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2B. Simplify the multiple choice.

*This sample question is excerpted from Passage 5.A of the ACT’s Sample Reading Questions. The original passage can be found here. Try it out for practice!

Before reading too deeply into the nuances of A, B, C, and D, break them down into their core essences (ideally 4-8 words). Using the example above, which best describes the transition? A description to a reflection? Or an overview to an explanation? The “best answer” will usually be the most apt summary of a passage, even in the simplest of terms.

3. Check your work

Confirm that all parts of the multiple choice selection are accurate. For instance, using the example question provided for 2B: If A, “a description of events,” was the best general summary, read the whole of option A to verify its accuracy.

If “a description of events leading up to sudden action by the narrator to a reflection on the intentions and meanings behind that action” is 100% correct, great! Bubble it in on the answer sheet.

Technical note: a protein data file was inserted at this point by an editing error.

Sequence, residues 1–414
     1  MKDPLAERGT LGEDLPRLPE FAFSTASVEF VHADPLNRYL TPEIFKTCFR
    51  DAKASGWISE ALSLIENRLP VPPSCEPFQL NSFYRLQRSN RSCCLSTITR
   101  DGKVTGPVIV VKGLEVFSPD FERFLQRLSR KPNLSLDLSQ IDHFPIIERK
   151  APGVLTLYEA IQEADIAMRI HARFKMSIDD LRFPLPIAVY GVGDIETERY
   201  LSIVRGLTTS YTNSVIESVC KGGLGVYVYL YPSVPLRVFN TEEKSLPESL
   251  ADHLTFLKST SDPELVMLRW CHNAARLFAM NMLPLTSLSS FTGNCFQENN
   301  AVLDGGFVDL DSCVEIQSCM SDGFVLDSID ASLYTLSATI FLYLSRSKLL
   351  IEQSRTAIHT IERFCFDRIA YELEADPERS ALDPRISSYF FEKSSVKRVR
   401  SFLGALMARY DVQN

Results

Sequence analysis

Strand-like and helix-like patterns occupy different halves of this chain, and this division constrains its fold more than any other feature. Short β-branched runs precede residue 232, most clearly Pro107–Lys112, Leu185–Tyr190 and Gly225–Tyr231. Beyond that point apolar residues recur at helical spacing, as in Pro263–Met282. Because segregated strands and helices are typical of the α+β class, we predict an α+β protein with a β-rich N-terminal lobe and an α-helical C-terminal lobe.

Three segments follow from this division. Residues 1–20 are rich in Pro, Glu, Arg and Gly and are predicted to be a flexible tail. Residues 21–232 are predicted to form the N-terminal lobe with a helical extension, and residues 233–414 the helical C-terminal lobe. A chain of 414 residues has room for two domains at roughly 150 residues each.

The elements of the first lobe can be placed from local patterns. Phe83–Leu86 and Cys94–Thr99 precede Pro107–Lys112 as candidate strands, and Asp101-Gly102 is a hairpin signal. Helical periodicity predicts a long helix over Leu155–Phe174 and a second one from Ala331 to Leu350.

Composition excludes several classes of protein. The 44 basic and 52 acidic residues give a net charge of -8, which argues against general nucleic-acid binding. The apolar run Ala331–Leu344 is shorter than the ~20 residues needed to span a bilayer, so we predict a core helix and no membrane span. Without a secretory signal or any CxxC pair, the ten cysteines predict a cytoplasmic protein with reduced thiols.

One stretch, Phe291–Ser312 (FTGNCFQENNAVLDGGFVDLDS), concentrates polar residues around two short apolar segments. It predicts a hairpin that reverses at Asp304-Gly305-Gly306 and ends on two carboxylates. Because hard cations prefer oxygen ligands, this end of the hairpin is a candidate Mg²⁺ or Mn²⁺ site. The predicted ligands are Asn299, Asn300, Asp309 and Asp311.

If it’s not— in this case, the passage might not reflect on the meaning behind an action— don’t bubble it in. An answer must be 100% correct to be the “best answer.” If any part of a multiple choice selection is fallible, the whole thing is wrong. (One bad apple spoils the bunch.)

Just try again with another simplified summary!

For more tips on acing the ACT and getting into the most competitive universities in the nation, check out our free online ACT resources, and be sure to find us on Facebook, YouTube and Google+, and follow us on Twitter!

Madeline Ewbank is an undergraduate at Northwestern University in Evanston, IL, where she produces student films, interns for the Department of State, and teaches ACT 36 courses. She is excited to help students achieve their college aspirations as a member of the Veritas Prep team.


6 Steps to Succeed on the ACT Science Section

i-have-no-idea-what-im-doing-science-dog1I’m going to let you in on a little secret: the ACT Science section is just Reading in disguise!

For the vast majority of questions on the Science section, you don’t need to really know anything about science. You only need to follow these six simple steps: